Post from Transformation Tom- Know the Whole Story: Chapter from “The Transformation of a Doubting Thomas”

Posted by tomdowd - June 17, 2019 - News
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know whole story

I have had far too many examples of instances when I allowed my emotions—such as frustration—to dictate my mood, my decisions, and my
interactions. There have been plenty of times when I needed to practice
one of Steven Covey’s 7 Habits of Highly Effective People and “seek first
to understand, then to be understood.” You can’t reinforce this enough
in both the workplace and at home. I thought I would share a personal
experience to illustrate how easy the concept is and how conscientious we
need to be to practice it.

I have a neighbor of over eighteen years with whom I rarely had any
issues. We are not close, but have a cordial relationship. He has been a
good and helpful neighbor. He does, however, have a dog that I have often
worried about when it was near my kids. Admittedly, the dog has never
barked loudly enough to scare me, charged after anyone or anything that
would have caused my angst. Instead, I didn’t like the look or the breed,
and simply had a bad feeling about it.

Late one night, the dog was out in his yard barking loudly. It was
atypical and was getting on my nerves. The barking and whining wouldn’t
stop and went on for many hours. I was tired and cranky, and I couldn’t
sleep. Yet, I didn’t do anything to check on it or fix the problem. It became
obvious that my neighbor was not home so in my eyes there was no one
to call; I guess it was just easier to stew over the situation and periodically
complain to my wife.

After hours of this barking, my wife couldn’t stand it any longer and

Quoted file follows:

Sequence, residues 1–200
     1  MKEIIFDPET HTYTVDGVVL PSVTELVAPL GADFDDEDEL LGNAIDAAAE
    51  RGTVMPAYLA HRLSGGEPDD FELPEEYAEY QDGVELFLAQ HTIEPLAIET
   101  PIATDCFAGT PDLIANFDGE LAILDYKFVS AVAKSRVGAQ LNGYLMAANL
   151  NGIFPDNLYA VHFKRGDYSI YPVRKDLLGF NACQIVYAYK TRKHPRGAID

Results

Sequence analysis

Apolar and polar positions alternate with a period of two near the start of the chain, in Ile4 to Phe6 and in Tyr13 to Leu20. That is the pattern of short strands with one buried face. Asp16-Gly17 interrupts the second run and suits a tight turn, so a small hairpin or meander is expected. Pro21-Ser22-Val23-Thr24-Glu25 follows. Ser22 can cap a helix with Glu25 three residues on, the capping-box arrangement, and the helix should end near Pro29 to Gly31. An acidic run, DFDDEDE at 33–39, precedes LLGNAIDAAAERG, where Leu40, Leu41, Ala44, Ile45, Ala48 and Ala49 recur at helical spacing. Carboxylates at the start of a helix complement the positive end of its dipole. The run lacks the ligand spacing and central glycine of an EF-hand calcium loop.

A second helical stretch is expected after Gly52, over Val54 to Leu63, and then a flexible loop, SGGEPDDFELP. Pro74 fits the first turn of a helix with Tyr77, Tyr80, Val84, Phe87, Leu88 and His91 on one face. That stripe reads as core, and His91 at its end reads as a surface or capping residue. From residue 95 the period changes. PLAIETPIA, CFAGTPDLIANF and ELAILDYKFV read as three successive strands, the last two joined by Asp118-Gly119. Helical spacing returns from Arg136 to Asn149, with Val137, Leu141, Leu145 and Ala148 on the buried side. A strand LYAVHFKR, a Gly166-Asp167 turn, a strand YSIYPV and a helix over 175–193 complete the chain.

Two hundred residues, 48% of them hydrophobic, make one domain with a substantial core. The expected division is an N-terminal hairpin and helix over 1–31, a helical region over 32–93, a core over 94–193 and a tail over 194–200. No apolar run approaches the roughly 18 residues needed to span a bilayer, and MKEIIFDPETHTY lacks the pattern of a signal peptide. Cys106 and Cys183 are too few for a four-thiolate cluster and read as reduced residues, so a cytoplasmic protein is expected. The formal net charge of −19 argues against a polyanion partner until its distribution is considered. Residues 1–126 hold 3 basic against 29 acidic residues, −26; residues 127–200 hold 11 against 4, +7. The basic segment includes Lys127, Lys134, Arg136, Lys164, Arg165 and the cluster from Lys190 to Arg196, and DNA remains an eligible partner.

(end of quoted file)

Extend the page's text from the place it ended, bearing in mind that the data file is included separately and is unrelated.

walked across the yard in the dark. The dog was tangled and stuck, and
was calling in its own special way for help. Although I had a predisposed
nasty and angry attitude about this dog before this event, it was only exasperated as the barking continued. My wife quickly understood the situation, untangled the dog, provided him water, and said he was the sweetest thing. We later found out that another neighbor was supposed to let him out and had forgotten.

I’m sure that there are more professional examples that I could share,
but the innocence of an animal made this example stand out. We need
to fully understand situations prior to judging and overreacting to them.
There are more sides to a story than just our own.

Thomas B. Dowd III’s books available in softcover, eBook, and audiobook (From Fear to Success only):

  • Now What? The Ultimate Graduation Gift for Professional Success
  • Time Management Manifesto: Expert Strategies to Create an Effective Work/Life Balance
  • Displacement Day: When My Job was Looking for a Job…A Reference Guide to Finding Work
  • The Transformation of a Doubting Thomas: Growing from a Cynic to a Professional in the Corporate World
  • From Fear to Success: A Practical Public-speaking Guide received the Gold Medal at the 2013 Axiom Business Book Awards in Business Reference
  • The Unofficial Guide to Fatherhood

See “Products” for details on www.transformationtom.com.  Book and eBook purchase options are also available on Amazon- Please click the link to be re-directed: Amazon.com